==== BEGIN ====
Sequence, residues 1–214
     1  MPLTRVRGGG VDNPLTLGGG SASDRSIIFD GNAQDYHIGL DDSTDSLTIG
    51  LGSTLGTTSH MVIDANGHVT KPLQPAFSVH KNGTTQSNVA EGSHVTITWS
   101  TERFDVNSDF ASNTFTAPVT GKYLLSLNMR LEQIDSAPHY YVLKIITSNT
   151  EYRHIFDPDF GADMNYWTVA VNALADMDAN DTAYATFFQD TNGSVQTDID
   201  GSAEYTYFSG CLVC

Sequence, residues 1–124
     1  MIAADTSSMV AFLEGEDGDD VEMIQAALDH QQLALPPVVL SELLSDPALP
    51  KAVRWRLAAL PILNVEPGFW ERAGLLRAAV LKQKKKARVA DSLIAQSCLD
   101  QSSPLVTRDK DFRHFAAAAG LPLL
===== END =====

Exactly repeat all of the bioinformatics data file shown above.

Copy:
Sequence, residues 1–214
     1  MPLTRVRGGG VDNPLTLGGG SASDRSIIFD GNAQDYHIGL DDSTDSLTIG
    51  LGSTLGTTSH MVIDANGHVT KPLQPAFSVH KNGTTQSNVA EGSHVTITWS
   101  TERFDVNSDF ASNTFTAPVT GKYLLSLNMR LEQIDSAPHY YVLKIITSNT
   151  EYRHIFDPDF GADMNYWTVA VNALADMDAN DTAYATFFQD TNGSVQTDID
   201  GSAEYTYFSG CLVC

Sequence, residues 1–124
     1  MIAADTSSMV AFLEGEDGDD VEMIQAALDH QQLALPPVVL SELLSDPALP
    51  KAVRWRLAAL PILNVEPGFW ERAGLLRAAV LKQKKKARVA DSLIAQSCLD
   101  QSSPLVTRDK DFRHFAAAAG LPLL